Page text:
Brussels — EU plastics converting companies – mainly SMEs – are facing very serious difficulties since early 2015, due to limited availability of polymers. Since early March 2015, the ageing EU polymer industry has declared new forces majeures on 66 occasions. This has exacerbated an already tense situation for the EU polyethylene and polypropylene markets and has driven polymer prices to levels not seen in the past decade. From March 2015 to May 2015, EU polymer prices increased by over 40 percent whilst oil prices remained at a record low. As a consequence of this situation, EU plastics converters submitted 45 requests for tariff suspensions and quotas in seven Member States in 2015.
The Polymers for Europe Alliance brought this situation to the attention of the European Commission and the Economic Tariff Questions Group (ETQG), ahead of the July 2016 round of tariff suspension and quota requests. The Alliance emphasised the importance of these tariff suspension and quota requests for the future competiveness of the EU plastics converting industry. The issue at hand is very simple, if EU plastics converters cannot get access to sufficient volumes of polymers, they will ultimately go out of business.
Restore the level of duty to 3 percent
The Alliance thought that the whole supply chain understood the severe threat to the industry posed by the material shortages of 2015. It therefore anticipated that proposals to restore the level of duty to 3 percent from the 6.5 percent level introduced at the beginning of 2014 would be warmly received by all parties. It was therefore surprised and disappointed to learn that all such proposals were being vigorously resisted by certain polymer producers. Apparently converters should not only suffer shortages but measures to encourage imports to alleviate this problem were being resisted as well.
To be successful, it is necessary to have unanimity amongst all Member States concerning a request for the tariffs on a quota of material to be suspended or removed. Under the circumstances, such unanimity has obviously not been forthcoming. In fact, the UK, Italy, Spain and Portugal were opposed to the final request for a modest quota of material to be subject to this 3.5 percent reduction in the level of duty. Furthermore, if such a reduction were to be granted, polymer producers themselves have the right to seek access to this material thereby depriving converters of the opportunity to directly ease their supply problems.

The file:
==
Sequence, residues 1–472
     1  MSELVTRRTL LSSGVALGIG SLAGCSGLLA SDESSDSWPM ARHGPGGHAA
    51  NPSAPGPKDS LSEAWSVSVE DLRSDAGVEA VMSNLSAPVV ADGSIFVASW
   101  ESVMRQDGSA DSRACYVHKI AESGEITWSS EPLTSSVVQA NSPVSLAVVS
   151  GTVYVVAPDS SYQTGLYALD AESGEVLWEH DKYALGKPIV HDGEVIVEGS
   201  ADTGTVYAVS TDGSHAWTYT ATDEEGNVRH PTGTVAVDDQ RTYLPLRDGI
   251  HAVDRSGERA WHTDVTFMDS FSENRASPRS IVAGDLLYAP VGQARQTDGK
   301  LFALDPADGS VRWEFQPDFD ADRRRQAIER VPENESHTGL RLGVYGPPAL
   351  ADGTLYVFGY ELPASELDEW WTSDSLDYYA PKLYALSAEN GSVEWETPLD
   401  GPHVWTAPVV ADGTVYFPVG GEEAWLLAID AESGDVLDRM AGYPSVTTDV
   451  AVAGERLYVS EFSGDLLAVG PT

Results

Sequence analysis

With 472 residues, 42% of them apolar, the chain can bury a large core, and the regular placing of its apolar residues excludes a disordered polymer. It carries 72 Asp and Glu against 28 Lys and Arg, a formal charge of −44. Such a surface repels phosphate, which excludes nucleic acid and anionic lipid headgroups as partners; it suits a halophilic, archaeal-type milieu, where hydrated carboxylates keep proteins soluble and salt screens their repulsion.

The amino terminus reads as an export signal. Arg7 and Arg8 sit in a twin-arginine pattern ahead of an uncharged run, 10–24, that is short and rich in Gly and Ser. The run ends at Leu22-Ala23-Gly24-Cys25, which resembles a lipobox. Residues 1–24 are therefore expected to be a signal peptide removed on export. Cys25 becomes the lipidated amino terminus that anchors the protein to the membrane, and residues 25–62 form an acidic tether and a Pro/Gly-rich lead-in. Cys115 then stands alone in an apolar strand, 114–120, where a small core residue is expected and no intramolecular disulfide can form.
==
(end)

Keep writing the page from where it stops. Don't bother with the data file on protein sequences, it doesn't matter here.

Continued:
Material is once again becoming short
It is against this background that the industry approaches the summer of 2016 and finds that material is once again becoming short. There has not so far in 2016 been the same plethora of Forces Majeures that there was last year, but nonetheless the market watches with considerable anxiety as polyethylene and polypropylene become shorter and shorter. 2016 could well prove to be a defining year for the plastics industry in Europe.
Given the objections made by certain polymer producers to the tariff requests, and the uncertainty of EU rules applicable to these requests, the Polymers for Europe Alliance is calling for a review of these rules via amendments to the applicable law. This is the only way to fix a system which is unfair and does not protect the competiveness of the EU plastics converting industry, a sector employing 1.6 million people and generating an annual turnover of €380 billion.
Source: Polymers for Europe Alliance